NEWS

Navy training squadron pauses ops after 2 killed in crash

A squadron of T-45C Goshawk training aircraft has suspended flights after an aircraft belonging to the squadron crashed October 1 in Tennessee, killing a student pilot and an instructor.


Training Squadron 7, part of Training Air Wing One out of Naval Air Station Meridian, Mississippi, observed a stand-down October 2, Lt. Elizabeth Feaster, a spokeswoman for Naval Air Training, told Military.com.

Cmdr. Jason Gustin, commanding officer of the "Eagles" of Training Squadron 7, will determine October 3 whether the squadron needs to extend the stand-down further, she said.

Feaster said she is unaware of any broader actions being taken regarding Training Air Wing One or the Navy's Goshawk fleet in light of the crash.

The T-45 went down before 6 p.m. in the Cherokee National Forest, roughly 45 miles southwest of Knoxville.

Navy officials arrived at the crash site Monday morning and confirmed the origin of the aircraft and that the two pilots, a student and instructor, did not survive.

Feaster said Navy officials had been en route to the site Sunday night, but emergency responders suspended search and rescue and blocked off the area after dark.

A spokesman for the U.S. Forest Service, Terry McDonald, told Military.com that the Monroe County Emergency Management Agency and the Monroe County Sheriff's Department had been first responders at the scene, with the U.S. Forest Service and Tennessee Wildlife Agency also contributing to disaster response efforts.

The executive officer of Training Squadron 7, Cmdr. Stephen Vitrella, visited the site Monday, Feaster said.

The crash comes just after the Navy's fleet of T-45s resumed normal operations. In April, all 170 of the service's T-45s were grounded after instructor pilots complained about aircraft safety in light of a surge of hypoxia-like incidents.

Flights would resume the same month, but with strict altitude and G-force restrictions as a Navy team assessed possible causes of the "physiological episodes."

In August, training flights finally resumed with new measures in place to measure air pressure and flow and cockpit contaminants.

Feaster told Military.com it is far too soon to indicate or rule out anything as a cause of Sunday's crash. The chief of Naval Air Training, or CNATRA, is assembling the team that will investigate the tragedy, she said.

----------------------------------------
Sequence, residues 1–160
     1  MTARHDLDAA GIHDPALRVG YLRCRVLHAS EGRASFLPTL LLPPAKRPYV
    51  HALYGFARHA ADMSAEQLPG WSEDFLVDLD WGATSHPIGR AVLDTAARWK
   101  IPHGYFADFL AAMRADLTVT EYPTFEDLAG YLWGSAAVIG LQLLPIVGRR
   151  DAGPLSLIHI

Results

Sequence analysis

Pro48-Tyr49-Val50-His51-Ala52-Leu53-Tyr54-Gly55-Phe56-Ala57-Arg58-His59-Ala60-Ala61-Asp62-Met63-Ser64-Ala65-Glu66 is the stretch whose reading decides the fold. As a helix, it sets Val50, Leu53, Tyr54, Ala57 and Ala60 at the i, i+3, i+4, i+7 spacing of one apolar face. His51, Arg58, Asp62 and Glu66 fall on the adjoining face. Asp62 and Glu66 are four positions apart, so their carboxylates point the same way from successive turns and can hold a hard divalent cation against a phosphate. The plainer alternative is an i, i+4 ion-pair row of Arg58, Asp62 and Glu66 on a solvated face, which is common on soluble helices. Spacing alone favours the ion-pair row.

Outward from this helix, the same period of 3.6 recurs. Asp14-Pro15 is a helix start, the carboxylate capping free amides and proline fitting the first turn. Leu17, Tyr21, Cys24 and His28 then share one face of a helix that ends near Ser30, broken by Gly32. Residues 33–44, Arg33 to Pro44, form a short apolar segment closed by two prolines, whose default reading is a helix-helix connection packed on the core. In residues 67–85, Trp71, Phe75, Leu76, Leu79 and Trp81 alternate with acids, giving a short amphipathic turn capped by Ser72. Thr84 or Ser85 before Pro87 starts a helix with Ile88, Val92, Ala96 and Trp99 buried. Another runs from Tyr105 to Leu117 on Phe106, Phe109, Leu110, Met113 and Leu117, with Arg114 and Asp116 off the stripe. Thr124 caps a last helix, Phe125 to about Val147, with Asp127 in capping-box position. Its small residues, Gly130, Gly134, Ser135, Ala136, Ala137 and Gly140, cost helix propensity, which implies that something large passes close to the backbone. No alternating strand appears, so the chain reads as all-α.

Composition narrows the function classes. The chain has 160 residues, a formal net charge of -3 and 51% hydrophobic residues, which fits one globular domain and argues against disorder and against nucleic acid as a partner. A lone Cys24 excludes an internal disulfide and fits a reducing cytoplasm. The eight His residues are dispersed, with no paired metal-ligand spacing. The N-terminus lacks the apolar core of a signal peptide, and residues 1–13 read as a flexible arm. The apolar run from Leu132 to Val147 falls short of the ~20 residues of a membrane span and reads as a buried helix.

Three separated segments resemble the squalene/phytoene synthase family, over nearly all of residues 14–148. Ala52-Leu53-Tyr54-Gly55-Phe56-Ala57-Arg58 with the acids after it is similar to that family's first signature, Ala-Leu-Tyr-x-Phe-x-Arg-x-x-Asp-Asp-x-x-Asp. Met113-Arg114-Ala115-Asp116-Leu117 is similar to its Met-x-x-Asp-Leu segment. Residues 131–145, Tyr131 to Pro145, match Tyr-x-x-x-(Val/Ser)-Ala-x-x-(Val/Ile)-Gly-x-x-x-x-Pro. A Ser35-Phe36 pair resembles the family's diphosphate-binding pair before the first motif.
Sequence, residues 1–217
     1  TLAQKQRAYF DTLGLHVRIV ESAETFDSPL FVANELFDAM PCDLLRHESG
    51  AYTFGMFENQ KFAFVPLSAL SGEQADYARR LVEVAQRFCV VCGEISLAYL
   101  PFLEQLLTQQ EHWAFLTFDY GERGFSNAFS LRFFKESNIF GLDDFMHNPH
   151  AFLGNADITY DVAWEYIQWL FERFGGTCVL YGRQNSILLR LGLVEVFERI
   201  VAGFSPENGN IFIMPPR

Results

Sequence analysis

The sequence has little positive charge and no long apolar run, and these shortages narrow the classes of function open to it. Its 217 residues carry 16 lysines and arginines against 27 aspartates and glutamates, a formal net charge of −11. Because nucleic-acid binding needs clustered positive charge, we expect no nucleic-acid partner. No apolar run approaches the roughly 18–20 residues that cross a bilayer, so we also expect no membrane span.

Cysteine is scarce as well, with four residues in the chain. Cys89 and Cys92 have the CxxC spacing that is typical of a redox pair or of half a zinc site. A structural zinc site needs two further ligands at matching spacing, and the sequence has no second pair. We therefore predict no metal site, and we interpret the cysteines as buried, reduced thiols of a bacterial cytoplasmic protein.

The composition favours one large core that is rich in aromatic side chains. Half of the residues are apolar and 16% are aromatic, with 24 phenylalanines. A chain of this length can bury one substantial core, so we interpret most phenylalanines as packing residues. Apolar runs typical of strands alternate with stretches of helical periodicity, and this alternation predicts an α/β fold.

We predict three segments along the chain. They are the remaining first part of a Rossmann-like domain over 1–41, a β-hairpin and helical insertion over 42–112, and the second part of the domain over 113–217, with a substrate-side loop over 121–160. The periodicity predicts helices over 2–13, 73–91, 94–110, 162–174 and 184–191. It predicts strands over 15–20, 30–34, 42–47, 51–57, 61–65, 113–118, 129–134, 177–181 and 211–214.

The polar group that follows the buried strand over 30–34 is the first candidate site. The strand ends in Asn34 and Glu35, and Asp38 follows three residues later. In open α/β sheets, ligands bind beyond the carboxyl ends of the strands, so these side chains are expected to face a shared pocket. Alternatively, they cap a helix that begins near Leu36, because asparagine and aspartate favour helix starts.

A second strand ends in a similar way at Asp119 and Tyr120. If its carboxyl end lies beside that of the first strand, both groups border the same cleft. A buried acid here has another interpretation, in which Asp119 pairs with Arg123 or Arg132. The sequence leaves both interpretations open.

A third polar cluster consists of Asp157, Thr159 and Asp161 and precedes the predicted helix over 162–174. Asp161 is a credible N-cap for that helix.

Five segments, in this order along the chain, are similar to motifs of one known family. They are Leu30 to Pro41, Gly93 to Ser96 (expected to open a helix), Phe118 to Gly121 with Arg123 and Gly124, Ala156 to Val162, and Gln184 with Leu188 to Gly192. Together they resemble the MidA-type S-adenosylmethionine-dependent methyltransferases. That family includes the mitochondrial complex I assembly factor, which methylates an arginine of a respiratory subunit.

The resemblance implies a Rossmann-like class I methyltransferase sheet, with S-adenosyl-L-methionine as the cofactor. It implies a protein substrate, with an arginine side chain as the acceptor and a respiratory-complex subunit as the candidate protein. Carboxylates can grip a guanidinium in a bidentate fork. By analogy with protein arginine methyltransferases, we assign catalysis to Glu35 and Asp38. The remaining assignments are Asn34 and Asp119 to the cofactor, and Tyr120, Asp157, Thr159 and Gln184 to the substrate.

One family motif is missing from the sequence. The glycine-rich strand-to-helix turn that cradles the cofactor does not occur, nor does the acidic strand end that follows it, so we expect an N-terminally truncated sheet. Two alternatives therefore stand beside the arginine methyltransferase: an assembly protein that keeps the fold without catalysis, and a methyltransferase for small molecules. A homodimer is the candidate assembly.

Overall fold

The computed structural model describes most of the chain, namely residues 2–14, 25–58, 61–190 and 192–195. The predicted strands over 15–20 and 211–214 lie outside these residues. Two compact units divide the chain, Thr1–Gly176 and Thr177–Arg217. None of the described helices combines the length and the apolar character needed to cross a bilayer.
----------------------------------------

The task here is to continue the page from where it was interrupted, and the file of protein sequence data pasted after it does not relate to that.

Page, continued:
GEAR & TECH

6 of the most notable pre-M16 military guns

Throughout history, the U.S. Military has used a wide variety of guns to win its battles. Prior to the M16, there were several weapons used across the service throughout some of the most devastating wars the world has ever seen.

Here are some of those weapons:

Keep reading... Show less
Articles

How R. Lee Ermey's Hollywood break is an inspiration to us all

While there have been many outstanding actors and celebrities who have raised their right hand, there has never been a veteran who could finger point his way to the top of Hollywood stardom quite like the late great Gunnery Sergeant R. Lee Ermey.

Keep reading... Show less
International

China and the US could end up in a war – here's what would happen

It's unlikely that the U.S.-China trade dispute is going to escalate to a full-scale war any time soon — but it's not impossible. Neither side is inclined to go to war with the other, but a war of that scale is what both plan to fight. All it would take is one bungled crisis, one itchy trigger finger, one malfunctioning automated defense system and the entire region could become a war zone.

Keep reading... Show less
Lists

Here are the best military photos for the week of April 20th

The military is always evolving and new things happen every day. With each changes comes a new set of challenges and new opportunities to succeed. Thankfully, there are many talented photographers in the community that capture these struggles and triumphs.

Keep reading... Show less
History

5 ways troops accidentally 'blue falcon' the rest of the platoon

Every now and then, the pricks known as 'Blue Falcons' come and ruin things for everyone else. They break the rules and make everyone else suffer. They rat out their brothers- and sisters-in-arms. They even damage the reputation of others to make themselves look better.

Keep reading... Show less
Articles

Why I'm thrilled Brie Larson will play Captain Marvel

Look, the Marvel Cinematic Universe is really lighting my fires when it comes to their female superheroes.

When Marvel Studios announced they would be bringing Captain Marvel to the big screen, I was thrilled. I was also immediately invested and my expectations shot through the roof.

Keep reading... Show less
History

This is how American pilots used drop tanks as bombs during WWII

If you pay attention, you might sometimes see long, cigar-shaped pods firmly attached to the undersides of classic fighter and attack aircraft, sometimes with unit markings on them.

Known as "drop tanks," these simple devices extend the range of the aircraft they're hooked up to by carrying extra usable fuel. Back during World War II, however, attack pilots found a secondary use for drop tanks as improvised bombs, used to bombard enemy ground positions.

Keep reading... Show less

The hilarious ways Chinese police are combating jaywalkers

China is so desperate to stop jaywalkers it has turned to spraying them with water.

In Daye, in the central Hubei province, one pedestrian crossing has had a number of bright yellow bollards installed that spray wayward pedestrians' feet with water mist.

Keep reading... Show less